Please explain what is required to set up a SQL Server linked server.

Server A is SQL 2005 Windows logins only . Server B is the same (SQL 2005 Windows logins only) .

Server A runs Windows XP . Server B runs Windows Server 2003 .

Both SQL Server services are running under the same domain account. I am logged into my workstation with a domain account that has administrative rights on both SQL Servers.

Note these are both SQL Server 2005 SP2 - I've had old hot-fixes pointed out to me, but those are already applied.

The issue I am having is this error:

"Login failed for user 'NT AUTHORITY\ANONYMOUS LOGON'. (Microsoft SQL Server, Error: 18456)"


9 Answers 9


From My understanding of this issue it's a "HOP" issue.

i.e. you are trying to use server A to relay your login details (with SSPI) to Server B.

In SQL Server 2005 they have added a whole load of security issues that make this harder than it should be. The words "Kerberos Authentication" will become the bain of most sys-admins/DBA's lives. It effectively is used for pass-through authentication.

Here are the basics of what you need. 1) The servers (A and B) need to be set-up in Active Directory(AD) with delegation for Kerberos enabled. (this is set through your active directory admin panel)

2) The service account that your SQL Servers run under need to have delegation enabled also (this is also set through your active directory admin panel). - if they are not running under a service account, you need to create one.

3) The Servers need to have SPN's defined for the instance and the HOST and the machine name. (Using a tool called SetSPN in the windows support tools)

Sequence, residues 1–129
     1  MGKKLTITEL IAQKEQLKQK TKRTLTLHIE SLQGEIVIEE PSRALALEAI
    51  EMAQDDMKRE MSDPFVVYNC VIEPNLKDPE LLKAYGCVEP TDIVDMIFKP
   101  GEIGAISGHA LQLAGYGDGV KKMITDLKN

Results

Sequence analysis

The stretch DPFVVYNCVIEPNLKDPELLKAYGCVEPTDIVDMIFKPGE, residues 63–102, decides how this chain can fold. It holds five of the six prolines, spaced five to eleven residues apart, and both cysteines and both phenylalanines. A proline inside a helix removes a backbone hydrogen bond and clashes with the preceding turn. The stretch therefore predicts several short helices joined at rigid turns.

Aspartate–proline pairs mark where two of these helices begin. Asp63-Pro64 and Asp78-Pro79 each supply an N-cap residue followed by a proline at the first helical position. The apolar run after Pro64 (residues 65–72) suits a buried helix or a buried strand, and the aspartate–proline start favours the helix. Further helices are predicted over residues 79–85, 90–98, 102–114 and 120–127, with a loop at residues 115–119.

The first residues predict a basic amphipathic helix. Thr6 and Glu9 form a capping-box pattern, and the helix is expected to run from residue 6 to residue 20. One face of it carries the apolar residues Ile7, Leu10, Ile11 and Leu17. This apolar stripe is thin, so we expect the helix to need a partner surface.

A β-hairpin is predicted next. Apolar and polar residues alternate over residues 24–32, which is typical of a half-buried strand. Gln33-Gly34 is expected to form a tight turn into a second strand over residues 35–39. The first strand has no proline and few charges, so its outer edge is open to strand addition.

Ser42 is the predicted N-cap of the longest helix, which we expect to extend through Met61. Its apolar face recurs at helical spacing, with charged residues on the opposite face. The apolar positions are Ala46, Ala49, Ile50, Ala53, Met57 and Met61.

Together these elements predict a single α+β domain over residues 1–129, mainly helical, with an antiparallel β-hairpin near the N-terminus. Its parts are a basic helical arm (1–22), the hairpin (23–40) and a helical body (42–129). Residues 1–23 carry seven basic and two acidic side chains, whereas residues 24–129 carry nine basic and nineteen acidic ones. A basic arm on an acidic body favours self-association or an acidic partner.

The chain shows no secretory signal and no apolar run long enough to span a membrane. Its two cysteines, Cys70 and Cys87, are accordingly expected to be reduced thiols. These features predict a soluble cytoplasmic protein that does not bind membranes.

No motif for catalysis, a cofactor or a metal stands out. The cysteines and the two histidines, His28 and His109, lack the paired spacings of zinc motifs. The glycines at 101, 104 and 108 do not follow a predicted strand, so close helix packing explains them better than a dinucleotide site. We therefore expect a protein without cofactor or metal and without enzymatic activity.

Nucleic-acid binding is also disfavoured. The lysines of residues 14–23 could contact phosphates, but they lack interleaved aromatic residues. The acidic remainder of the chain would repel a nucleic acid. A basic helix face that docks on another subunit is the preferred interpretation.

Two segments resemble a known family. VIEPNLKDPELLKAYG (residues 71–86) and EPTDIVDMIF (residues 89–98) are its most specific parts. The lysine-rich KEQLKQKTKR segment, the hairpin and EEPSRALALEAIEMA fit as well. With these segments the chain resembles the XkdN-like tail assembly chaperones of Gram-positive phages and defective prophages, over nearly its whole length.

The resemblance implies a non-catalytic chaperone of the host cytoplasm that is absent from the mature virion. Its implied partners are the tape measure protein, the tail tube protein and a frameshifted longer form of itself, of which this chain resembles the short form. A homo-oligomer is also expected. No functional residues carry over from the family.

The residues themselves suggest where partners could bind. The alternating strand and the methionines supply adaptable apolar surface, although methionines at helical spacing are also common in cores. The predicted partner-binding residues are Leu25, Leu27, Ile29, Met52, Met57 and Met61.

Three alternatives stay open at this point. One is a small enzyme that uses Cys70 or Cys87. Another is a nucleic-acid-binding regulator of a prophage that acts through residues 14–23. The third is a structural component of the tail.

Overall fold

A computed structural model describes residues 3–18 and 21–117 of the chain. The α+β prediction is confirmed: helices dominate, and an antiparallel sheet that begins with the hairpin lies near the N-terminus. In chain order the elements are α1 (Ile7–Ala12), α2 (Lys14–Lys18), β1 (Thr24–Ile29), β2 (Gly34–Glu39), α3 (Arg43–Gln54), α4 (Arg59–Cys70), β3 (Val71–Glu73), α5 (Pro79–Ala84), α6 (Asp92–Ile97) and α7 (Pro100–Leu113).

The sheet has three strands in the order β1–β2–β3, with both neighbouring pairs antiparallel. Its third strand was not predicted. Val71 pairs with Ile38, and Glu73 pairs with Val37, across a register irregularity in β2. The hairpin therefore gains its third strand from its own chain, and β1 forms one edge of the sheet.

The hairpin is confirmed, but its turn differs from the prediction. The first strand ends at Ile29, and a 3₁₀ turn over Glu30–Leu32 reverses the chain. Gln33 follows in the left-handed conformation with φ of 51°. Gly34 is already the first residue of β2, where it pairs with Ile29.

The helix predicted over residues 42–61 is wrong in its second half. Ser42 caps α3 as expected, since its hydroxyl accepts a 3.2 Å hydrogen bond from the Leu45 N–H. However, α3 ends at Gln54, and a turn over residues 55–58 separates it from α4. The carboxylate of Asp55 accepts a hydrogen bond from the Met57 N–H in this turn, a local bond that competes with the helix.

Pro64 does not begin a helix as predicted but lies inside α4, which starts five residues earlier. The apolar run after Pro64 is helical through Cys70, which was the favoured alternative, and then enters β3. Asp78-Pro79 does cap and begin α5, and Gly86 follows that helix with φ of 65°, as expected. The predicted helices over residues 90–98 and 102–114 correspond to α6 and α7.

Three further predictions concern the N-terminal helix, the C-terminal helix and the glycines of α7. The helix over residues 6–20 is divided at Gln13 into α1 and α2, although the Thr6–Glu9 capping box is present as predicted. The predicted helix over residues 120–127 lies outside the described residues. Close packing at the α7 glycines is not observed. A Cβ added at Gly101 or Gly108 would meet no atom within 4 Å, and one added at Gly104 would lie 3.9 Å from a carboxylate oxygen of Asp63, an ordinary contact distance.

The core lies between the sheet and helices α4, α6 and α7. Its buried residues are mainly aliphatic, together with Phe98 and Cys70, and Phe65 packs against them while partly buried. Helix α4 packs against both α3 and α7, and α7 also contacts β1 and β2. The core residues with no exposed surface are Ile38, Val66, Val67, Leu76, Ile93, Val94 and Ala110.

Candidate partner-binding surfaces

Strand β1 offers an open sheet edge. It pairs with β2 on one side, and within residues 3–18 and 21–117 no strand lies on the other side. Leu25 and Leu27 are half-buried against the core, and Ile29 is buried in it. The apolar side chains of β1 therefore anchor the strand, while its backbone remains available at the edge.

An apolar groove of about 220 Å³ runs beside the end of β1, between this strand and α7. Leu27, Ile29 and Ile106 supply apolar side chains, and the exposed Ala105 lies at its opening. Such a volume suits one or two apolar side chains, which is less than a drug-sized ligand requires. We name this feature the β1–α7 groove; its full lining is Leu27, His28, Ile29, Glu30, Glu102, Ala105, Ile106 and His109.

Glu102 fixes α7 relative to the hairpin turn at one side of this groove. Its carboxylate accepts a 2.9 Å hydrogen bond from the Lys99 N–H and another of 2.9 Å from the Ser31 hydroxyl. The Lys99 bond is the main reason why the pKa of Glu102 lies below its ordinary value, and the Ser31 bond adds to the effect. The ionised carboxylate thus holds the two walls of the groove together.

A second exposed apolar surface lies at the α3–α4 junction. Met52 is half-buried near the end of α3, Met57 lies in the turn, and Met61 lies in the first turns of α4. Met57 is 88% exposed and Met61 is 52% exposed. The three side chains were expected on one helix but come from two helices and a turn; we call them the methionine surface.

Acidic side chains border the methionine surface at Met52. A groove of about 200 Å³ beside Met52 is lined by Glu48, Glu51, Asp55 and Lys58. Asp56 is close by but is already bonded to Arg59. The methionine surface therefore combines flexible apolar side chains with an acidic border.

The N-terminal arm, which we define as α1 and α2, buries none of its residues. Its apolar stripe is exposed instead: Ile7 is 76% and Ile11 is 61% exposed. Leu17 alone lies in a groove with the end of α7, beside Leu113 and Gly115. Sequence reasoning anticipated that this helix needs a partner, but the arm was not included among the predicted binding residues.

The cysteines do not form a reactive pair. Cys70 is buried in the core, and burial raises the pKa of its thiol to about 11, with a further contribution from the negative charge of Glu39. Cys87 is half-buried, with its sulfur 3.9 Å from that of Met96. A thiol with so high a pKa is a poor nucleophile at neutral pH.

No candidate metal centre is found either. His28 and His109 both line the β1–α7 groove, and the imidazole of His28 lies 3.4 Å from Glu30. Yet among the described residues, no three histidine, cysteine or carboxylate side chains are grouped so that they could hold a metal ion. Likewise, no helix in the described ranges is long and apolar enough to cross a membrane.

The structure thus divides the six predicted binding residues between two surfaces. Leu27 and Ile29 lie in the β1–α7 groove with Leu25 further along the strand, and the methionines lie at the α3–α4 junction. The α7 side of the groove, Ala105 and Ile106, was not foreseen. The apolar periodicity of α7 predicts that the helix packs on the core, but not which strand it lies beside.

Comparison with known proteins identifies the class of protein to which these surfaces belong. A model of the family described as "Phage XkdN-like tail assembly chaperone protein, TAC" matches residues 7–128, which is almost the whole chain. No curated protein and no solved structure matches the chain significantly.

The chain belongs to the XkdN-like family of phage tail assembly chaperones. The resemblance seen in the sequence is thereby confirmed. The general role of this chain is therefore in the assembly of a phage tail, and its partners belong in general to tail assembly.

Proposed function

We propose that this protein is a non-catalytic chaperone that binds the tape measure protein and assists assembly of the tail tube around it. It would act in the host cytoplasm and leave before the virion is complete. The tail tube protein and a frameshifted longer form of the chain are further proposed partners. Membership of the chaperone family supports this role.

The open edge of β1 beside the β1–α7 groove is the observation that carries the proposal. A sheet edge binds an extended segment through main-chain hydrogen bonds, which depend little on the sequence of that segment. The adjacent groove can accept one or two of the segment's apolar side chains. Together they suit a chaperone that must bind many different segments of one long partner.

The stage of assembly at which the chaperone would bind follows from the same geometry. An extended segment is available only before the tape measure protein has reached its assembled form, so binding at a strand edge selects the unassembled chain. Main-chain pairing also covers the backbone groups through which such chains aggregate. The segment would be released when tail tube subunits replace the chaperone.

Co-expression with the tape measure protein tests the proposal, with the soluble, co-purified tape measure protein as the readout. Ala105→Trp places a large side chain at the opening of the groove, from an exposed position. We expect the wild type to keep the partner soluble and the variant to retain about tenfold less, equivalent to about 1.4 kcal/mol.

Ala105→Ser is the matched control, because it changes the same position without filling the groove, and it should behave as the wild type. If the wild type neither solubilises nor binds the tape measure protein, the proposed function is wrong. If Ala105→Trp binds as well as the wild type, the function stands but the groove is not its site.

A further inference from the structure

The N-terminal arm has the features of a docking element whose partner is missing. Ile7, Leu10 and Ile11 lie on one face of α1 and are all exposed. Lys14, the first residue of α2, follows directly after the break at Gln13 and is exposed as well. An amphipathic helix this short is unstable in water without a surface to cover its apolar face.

Support Tools (SetSPN is in this set) http://www.microsoft.com/downloads/details.aspx?FamilyID=96a35011-fd83-419d-939b-9a772ea2df90&DisplayLang=en

(Overview of how to add an SPN) http://technet.microsoft.com/en-us/library/bb735885.aspx

4) You may need to set your DB to "trustworthy"

ALTER DATABASE SET trustworthy on

5) After you have all of this done restart your instances.

6) Then try create your linked server again.

Finally you can test your connection to SQL Server. This should work fine if you have it all configured correctly.

    'Data Source=ServerB;Integrated Security=SSPI;'

This will tell you your connection authentication type.

select auth_scheme from sys.dm_exec_connections where session_id=@@SPID

You want to get 'KERBEROS' here and not 'NTLM'.

It's a slippy slope, KERBEROS and Pass-through delegation, stick with it and you will eventually figure it out.

References Kerberos http://blogs.msdn.com/sql_protocols/archive/2005/10/12/479871.aspx



Other manifestations of the problem http://www.sqlservercentral.com/Forums/Topic460425-359-1.aspx



I hope this all helps.

  • Great answer! This definitely summarizes a load of info that isnt usefully organized in other places. Commented Sep 9, 2013 at 23:46

You can also use SQL Server Management Studio (SSMS) to manage \ create linked servers as well if you're more comfortable with the GUI. To do so:

  1. Launch SSMS and connect to one of the instances of SQL Server you want to link
  2. Expand "Server Objects" in Object Explorer
  3. Right click "Linked Servers" and choose "New Linked Server"
  4. On the "New Linked Server" dialog, select "SQL Server" as the Server Type and enter the instance of SQL Server you'd like to link to.
  5. On the "Security" page, select how users will authenticate from the current server to the linked server. You mentioned both servers are set up to use Windows Logins. If this is the case, under the section labeled "For a login not defined in the list above, connections will:" I would probably choose the option labeled "Be made using the Login's current security context".

Note that this assumes that users who have logins on server A also have logins on server B.


I'm going nuts with the same problem! I remember doing this with 2000 was always easy. I have been all over google and I can't get this to work. Exact same setup, both servers running on a domain account, Windows auth.